These Sisters With Sickle Cell Had Devastating — and Preventable — Strokes

Dr. Julie Kanter, a hematologist at the University of Alabama at Birmingham and director of the university’s adult sickle cell clinic, reviewed medical records of 5,347 children at 28 medical centers large and small, including academic sites as well as smaller medical centers. Only 30 to 75 percent of the children had gotten the recommended screening, depending on the center. On average, just 48.4 percent got the ultrasound. The rates were independent of the medical center’s size or academic affiliation.

“The rate is terrible, actually worse than we thought it would be,” Dr. Kanter said.

The researchers surveyed parents and caregivers and learned that some doctors failed to tell parents about the screenings. Some parents, even if told, had not understood their critical importance. (Dr. Kanter wants to rename the test “stroke screen” rather than Transcranial Doppler ultrasound so its purpose is clearer.) Some medical centers with special sickle cell clinics failed to consistently follow up with families who missed appointments.

There were also logistical obstacles. Sometimes medical centers offering the test were far from the homes of children with the disease. Some parents had trouble getting time off from work to take their children for testing. And the centers that did the tests were sometimes out of a family’s insurance network.

Ultrasound screens aren’t the only needed medical care inconsistently given to children with sickle cell. Hydroxyurea, an inexpensive generic drug, around since the 1980s, can reduce the risk of irreversible damage to organs and the brain. But it is woefully underused. Guidelines from the National Institutes of Health published in 2014 say all children and adolescents should take it, as should adults with three or more pain crises in a year or other serious complications.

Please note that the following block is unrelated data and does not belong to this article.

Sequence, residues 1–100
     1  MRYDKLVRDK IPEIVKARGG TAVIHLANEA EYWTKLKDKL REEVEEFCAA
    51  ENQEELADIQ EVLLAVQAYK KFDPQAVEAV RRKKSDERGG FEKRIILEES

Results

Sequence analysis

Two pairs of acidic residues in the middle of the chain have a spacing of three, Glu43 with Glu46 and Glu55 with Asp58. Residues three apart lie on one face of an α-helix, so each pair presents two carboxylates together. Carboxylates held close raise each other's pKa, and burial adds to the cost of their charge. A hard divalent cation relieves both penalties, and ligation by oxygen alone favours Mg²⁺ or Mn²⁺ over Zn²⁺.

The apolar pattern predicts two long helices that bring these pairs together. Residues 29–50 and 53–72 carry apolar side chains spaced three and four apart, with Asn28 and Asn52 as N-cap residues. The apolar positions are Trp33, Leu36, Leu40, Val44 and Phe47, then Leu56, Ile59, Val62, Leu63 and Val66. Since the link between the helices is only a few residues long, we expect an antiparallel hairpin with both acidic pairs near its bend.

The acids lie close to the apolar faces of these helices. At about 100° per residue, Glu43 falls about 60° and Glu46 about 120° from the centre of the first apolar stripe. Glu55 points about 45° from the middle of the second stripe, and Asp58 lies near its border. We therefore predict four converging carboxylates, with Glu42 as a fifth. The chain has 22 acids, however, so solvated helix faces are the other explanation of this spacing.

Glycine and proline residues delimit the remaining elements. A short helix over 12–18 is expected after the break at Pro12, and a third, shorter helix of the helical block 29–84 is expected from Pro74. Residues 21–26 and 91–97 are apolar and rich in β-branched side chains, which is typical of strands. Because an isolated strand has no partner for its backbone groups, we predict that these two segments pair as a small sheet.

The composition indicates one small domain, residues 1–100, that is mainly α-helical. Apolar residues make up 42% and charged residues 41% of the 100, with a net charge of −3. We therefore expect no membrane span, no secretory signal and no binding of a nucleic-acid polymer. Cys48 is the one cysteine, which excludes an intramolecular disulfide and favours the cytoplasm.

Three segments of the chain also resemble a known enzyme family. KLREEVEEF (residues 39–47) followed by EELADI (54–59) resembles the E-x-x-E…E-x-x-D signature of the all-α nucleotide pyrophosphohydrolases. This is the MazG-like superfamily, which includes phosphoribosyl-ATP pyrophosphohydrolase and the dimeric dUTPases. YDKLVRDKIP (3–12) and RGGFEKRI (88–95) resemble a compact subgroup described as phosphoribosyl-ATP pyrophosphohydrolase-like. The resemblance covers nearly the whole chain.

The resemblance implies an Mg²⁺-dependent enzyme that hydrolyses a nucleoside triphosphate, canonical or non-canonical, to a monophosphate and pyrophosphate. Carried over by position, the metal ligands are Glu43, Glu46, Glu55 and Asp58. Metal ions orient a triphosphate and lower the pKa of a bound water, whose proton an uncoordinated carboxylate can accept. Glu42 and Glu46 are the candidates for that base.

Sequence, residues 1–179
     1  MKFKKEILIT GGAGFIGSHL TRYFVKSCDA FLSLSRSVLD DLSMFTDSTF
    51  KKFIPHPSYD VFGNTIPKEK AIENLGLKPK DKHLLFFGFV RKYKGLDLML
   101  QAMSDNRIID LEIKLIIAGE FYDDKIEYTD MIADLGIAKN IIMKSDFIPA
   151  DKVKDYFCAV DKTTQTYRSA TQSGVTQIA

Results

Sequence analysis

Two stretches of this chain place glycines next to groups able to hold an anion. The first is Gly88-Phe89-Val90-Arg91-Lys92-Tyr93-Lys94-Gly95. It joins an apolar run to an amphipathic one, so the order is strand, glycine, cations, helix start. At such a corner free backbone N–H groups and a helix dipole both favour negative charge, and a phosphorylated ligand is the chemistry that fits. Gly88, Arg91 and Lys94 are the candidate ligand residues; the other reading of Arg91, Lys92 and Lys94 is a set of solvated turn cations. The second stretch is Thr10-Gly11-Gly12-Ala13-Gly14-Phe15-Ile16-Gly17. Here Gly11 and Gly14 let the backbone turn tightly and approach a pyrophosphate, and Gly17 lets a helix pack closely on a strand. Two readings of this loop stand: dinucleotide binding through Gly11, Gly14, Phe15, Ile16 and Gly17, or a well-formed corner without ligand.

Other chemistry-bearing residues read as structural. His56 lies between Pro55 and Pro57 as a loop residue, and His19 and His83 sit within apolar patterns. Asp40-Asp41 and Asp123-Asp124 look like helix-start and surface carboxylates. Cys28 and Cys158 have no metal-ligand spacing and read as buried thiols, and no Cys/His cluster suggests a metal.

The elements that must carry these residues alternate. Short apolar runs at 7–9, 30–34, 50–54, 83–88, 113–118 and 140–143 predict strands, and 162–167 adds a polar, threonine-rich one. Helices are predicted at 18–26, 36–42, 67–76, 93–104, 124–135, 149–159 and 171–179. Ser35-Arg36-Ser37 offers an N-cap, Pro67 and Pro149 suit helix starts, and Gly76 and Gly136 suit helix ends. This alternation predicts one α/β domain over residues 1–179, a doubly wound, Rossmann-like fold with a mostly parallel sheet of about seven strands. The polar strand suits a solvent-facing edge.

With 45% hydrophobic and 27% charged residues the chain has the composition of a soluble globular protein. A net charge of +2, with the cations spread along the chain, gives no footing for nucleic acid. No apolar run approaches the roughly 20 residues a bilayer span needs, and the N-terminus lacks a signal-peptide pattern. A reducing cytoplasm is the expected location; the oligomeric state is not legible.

A recent survey funded by the National Institutes of Health of 2,200 sickle cell patients from eight sites found that just 48 percent of patients were taking hydroxyurea regularly. Interviews with doctors who did not prescribe the drug revealed that many were unfamiliar with it while others were afraid hydroxyurea, which is also a cancer treatment at much higher doses, might cause cancer, although at the lower sickle cell dose it does not.

Another recent study, of Medicaid patients in North Carolina, found that only 32 percent of 2,790 Medicaid patients with sickle cell even had a prescription for hydroxyurea and just 31 percent of those patients took the drug regularly.

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